The Logic of Scientific Discovery Chapter Abstracts for Teachers

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Part I: Chapter 1, A Survey of Some Fundamental Problems

• Popper analyzes methods of empirical science.

• Popper feels metaphysical and philosophical ideas have contributed much to the sciences.
• Popper questions whether problems of epistemology are inductive or deductive.

• Inductive reasoning is dismissed by Popper.

• The claim is made that there is no logic behind inductive reasoning regarding singular statements.
• The difference between the psychology of knowledge and the logic of knowledge is discussed.

• The psychology of knowledge utilizes questions of fact.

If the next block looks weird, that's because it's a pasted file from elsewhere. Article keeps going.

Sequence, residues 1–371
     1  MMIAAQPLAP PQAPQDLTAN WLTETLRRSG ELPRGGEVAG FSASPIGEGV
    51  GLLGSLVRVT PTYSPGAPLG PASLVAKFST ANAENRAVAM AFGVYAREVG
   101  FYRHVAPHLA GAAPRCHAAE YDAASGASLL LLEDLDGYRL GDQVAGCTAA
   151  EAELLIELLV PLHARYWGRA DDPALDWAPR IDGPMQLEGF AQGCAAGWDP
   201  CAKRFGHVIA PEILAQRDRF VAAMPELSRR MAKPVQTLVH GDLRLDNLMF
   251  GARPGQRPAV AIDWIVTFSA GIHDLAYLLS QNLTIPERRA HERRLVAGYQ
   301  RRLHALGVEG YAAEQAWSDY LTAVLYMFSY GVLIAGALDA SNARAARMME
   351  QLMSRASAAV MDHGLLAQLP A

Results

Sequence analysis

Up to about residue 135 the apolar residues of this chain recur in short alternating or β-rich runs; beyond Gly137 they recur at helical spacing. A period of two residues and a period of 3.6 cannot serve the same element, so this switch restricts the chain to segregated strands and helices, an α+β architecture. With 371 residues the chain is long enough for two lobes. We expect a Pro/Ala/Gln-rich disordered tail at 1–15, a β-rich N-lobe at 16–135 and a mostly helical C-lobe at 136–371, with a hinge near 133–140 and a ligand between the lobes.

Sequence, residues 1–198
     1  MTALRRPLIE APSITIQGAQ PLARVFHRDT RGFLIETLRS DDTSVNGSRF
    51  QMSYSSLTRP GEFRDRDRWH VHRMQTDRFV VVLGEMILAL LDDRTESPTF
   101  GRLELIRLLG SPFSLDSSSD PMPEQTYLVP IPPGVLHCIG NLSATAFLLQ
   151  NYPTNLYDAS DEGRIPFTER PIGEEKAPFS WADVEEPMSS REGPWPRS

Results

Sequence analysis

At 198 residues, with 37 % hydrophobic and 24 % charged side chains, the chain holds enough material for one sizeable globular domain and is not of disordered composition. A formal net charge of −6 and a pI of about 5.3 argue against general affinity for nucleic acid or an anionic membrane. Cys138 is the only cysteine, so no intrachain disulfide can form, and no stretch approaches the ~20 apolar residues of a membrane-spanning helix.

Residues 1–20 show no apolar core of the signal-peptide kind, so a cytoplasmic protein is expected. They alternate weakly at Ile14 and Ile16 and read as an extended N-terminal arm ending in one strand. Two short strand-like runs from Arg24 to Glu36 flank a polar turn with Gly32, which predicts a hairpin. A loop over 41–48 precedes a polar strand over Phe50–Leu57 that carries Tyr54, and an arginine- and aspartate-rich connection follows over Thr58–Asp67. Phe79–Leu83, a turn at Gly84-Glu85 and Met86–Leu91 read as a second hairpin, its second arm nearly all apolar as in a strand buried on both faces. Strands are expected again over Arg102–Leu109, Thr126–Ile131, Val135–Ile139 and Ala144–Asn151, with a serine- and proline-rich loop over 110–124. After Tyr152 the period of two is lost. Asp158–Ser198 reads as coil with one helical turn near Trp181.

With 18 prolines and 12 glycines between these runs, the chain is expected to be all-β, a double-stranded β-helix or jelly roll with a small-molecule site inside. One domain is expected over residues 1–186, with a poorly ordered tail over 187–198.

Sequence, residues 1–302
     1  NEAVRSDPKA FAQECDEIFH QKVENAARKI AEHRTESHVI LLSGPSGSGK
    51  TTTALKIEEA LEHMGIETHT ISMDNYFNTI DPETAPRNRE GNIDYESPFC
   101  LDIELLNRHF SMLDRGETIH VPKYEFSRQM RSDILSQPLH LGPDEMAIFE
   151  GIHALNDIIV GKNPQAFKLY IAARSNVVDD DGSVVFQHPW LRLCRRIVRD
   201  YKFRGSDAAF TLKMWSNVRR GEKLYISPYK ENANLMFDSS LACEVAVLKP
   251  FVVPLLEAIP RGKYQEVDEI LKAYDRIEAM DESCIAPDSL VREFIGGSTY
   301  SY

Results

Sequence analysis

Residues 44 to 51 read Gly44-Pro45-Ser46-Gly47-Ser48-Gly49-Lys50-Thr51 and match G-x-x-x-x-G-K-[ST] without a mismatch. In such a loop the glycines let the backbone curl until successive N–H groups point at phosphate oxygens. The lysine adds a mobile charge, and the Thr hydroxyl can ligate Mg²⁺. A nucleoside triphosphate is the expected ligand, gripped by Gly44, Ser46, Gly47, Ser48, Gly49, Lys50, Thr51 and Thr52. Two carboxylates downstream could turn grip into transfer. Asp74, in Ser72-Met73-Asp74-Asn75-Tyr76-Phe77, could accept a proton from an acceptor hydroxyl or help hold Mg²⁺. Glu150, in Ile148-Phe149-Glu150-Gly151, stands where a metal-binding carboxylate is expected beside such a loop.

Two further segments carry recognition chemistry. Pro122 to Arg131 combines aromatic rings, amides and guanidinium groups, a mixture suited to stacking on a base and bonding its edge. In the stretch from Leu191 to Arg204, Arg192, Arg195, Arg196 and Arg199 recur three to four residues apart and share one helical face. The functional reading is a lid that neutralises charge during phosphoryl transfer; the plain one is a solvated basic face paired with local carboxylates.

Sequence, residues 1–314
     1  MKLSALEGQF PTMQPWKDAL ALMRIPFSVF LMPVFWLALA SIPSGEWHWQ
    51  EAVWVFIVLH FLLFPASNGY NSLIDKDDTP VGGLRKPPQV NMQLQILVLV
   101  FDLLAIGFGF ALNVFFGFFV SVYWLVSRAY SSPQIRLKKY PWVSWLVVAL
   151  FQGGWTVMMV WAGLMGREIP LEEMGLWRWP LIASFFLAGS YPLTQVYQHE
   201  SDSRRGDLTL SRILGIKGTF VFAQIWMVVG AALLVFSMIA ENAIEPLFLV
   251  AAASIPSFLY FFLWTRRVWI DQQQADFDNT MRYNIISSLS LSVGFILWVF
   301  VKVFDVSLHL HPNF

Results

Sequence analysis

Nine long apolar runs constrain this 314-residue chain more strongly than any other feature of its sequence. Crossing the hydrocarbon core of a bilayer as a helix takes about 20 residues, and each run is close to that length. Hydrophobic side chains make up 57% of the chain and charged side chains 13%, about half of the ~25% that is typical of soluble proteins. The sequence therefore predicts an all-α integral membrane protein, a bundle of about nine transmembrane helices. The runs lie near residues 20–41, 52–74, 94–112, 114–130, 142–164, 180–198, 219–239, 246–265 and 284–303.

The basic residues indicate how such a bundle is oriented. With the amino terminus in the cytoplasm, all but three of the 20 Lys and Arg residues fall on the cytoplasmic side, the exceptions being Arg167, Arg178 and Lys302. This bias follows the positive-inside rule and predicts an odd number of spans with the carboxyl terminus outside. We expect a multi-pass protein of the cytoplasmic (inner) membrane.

• The logic of knowledge is concerned with justifications and validating statements.

• There are four deducing tests of scientific knowledge: internal consistency, investigating logical forms, comparing theories, and empirical applications.

Part I: Chapter 2, On the Problem of a Theory of Scientific Method

• Popper feels that epistemology should determine and guide methods used in research.

• All research should follow the rules of demarcation.

• The testability of statements should be ensured...

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